Home > Asylum (Asylum #1)(5)

Asylum (Asylum #1)(5)
Madeleine Roux

Dan nodded. “According to my roomie, anyway, and he doesn’t strike me as the exaggerating type. He said there was a lock but it was broken.”

“Talk about lax,” Abby said.

“And weird,” Jordan added, rubbing at his elbows as if suddenly cold. “I’m not sure, Abby, this sounds more up your alley. I’m not into all that macabre crap.”

“You’re not sitting this one out,” she told him firmly. “Right, Dan?” Abby’s eyes sparkled.

“Of . . . of course not! You’ve got to come along.” For a minute there, he’d hoped he and Abby would end up checking out the office alone.

“I don’t know . . .” Jordan kicked at an invisible speck on the ground. “Just seems risky.”

He did have a point. No matter what Dan said about the broken lock, he was pretty sure the room was supposed to be off-limits. And if they did get caught and kicked out as Jordan feared, Dan would never forgive himself. Worse than having his own summer ruined, he’d be responsible for ruining their summers, too. Wouldn’t that make a good first impression.

But he felt like he’d opened a Pandora’s box—that the possibilities unlocked by a trip to the old wing had already grown and gotten away from him. Plus, if he was being honest, Dan really did want to know if there were more photos like the one he had found in his room.

“Come on,” Dan needled, pointing out Felix’s lanky frame weaving through the crowd still inside. “He went in there. How bad could it be?”

Jordan took a discreet look, then snorted. “What are they always saying about peer pressure? If your friends jump off a bridge, something something?”

“Well, Dan and I are going with or without you, aren’t we, Dan?” Abby said with a confidence that Dan admired.

“All right already!” Laughing, Jordan nudged Abby’s side. “You two win—let’s go jump off that bridge.”

Dan found them waiting at the bottom of the stairs. A phone call from his parents had almost made him late, but when he assured Paul and Sandy that he’d arrived just fine, and that his friends Jordan and Abby were waiting for him downstairs, his mother had let him go with a happy little chirp.

Behind Jordan and Abby, a few lights flickered in the entrance hall. Jordan leaned against one of the tall white columns that supported the archway. He waved at Dan’s approach, swinging a flashlight in his other hand.

Abby had changed into a turquoise sweatshirt and pulled her hair up into a loose ponytail.

“Hey,” she whispered, glancing around. “We saw a hall monitor go by a few minutes ago, but nothing since. You ready?”

Dan nodded and joined them under the arch. Jordan tested the flashlight, shining a beam of light at each of them in turn.

“Last chance to go back and do something sensible,” Jordan offered, “like drink in my room and watch Thundercats.”

Abby’s nose wrinkled as she leveled a soft punch at his shoulder. “You are not chickening out now. Besides, we can do that after.”

“I’m going to hold you to that,” Jordan murmured, following them into the dim, silent hall. “Because I’ll definitely need a drink after this.”

Dan knew what he meant. Now that he was here, he was so beyond nervous it was like he was giddy. It wasn’t a pleasant feeling exactly, but it was markedly better than the kind of anxiety he was used to.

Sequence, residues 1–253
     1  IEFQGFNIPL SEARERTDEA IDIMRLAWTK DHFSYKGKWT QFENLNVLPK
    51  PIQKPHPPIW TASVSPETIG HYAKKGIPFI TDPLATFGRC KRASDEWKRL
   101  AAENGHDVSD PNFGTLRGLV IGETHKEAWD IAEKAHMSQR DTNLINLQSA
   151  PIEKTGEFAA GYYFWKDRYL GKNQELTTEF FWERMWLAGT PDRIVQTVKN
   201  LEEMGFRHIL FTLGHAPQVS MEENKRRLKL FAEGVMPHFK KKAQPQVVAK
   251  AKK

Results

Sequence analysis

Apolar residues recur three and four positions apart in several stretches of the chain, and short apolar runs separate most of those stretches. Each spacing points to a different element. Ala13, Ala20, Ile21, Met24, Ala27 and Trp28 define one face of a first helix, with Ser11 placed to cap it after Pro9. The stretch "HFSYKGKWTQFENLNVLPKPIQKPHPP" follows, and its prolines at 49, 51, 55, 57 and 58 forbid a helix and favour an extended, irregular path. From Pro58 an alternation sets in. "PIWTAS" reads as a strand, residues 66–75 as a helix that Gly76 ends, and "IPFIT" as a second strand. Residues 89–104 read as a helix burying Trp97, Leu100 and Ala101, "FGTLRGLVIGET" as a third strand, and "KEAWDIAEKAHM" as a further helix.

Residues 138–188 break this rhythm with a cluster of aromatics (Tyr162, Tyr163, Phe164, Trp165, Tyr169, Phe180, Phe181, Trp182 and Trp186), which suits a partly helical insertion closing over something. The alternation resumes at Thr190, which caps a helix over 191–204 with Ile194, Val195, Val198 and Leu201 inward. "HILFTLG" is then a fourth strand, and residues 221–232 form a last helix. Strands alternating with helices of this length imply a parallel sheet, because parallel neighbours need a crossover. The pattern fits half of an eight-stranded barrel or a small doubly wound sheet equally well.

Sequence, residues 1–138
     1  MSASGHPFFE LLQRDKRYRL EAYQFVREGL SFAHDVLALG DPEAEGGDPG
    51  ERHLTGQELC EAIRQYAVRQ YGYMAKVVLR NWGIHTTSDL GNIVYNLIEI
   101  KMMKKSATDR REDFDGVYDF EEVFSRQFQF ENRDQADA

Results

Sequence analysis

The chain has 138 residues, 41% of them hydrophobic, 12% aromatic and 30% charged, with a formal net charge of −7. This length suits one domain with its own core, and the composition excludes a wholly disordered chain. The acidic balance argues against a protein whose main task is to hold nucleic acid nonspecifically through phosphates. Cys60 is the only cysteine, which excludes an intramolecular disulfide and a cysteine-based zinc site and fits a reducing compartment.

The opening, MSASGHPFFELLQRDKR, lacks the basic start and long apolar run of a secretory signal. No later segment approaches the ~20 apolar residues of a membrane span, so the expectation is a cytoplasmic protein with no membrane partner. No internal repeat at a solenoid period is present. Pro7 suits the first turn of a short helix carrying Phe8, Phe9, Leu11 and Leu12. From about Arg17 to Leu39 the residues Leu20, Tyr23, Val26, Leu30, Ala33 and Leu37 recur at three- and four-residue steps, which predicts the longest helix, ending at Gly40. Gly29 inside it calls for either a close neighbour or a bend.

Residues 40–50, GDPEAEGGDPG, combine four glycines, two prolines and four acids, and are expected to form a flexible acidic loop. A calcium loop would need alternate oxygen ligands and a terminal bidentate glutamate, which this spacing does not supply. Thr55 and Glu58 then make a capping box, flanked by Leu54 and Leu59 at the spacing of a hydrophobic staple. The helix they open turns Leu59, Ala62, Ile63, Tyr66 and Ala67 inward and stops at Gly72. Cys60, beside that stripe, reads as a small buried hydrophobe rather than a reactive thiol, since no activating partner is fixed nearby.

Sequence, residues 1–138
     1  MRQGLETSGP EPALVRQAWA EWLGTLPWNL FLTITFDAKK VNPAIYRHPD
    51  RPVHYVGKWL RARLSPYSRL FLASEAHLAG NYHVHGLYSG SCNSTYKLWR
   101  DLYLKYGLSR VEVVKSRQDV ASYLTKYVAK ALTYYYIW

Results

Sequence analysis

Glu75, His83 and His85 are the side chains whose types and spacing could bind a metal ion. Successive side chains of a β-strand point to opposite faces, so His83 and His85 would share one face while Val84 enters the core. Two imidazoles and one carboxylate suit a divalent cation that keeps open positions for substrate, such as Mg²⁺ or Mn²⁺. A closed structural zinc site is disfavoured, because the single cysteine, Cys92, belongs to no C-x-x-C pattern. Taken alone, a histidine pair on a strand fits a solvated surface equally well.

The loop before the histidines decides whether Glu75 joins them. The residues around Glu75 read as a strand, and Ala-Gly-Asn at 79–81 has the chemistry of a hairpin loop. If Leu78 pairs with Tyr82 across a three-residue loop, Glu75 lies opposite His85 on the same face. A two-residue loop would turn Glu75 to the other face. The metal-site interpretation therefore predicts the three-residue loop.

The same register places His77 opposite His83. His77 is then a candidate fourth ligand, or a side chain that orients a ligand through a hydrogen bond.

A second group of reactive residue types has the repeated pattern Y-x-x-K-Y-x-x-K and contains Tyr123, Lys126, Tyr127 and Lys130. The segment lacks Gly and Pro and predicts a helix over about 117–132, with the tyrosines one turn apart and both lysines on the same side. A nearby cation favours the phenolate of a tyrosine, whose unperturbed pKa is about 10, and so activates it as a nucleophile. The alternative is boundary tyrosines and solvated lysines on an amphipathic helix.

Softly, they crept across the empty hall, passing the notices and activities corkboard, the vending machines, and a rickety elevator that was out of service. Fewer lights shined overhead the deeper into the hall they went, and when they reached the old office door they found themselves in almost total darkness. Jordan lifted his flashlight from their feet to the door, and Dan’s heart sank: it was clearly locked. And the sign Felix had mentioned turned out to be a poster board that said KEEP OUT in rather serious red letters.

“I thought this was an unfettered access situation,” Jordan whispered.

“I swear . . .” Had Felix lied to him? What would the point even be in that? “They must have figured out students were going in and locked it up. Damn it. I’m sorry for dragging you guys here.”

“All right, all right, don’t look so sad.” From his pocket, Jordan produced a paper clip, which he proceeded to straighten. When he’d finished, he put one end into the padlock and started to wiggle it around gently. “Just know that you owe me a lot more than Thundercats for this.”

“Pretty impressive,” Dan whispered. He had seen lock picking on TV, but it didn’t compare to the sneaky thrill of watching someone do it in real life.

Jordan smiled, pausing for a moment. “I can do it with a hairpin, too.”

“Would you two keep it down?” Abby looked over her shoulder.

“You’re breathing louder than we’re talking.” Jordan bit down on his lower lip with an impatient sigh, the padlock shaking in his grasp.

“Maybe hurry it up just a little,” Dan murmured.

“I’m going as fast as I can. This is an art. You can’t rush art.” A light sheen of perspiration broke out over Jordan’s forehead, soaking the ends of his bangs. “Just . . . almost . . .” Dan heard the softest of clicks. “Gotcha.” Jordan pocketed the paper clip in his hoodie and looped the open padlock through the ring on the door frame. He pushed the door. It didn’t budge.

“Damn, it’s stuck,” he said. “Give me a hand. . . .”

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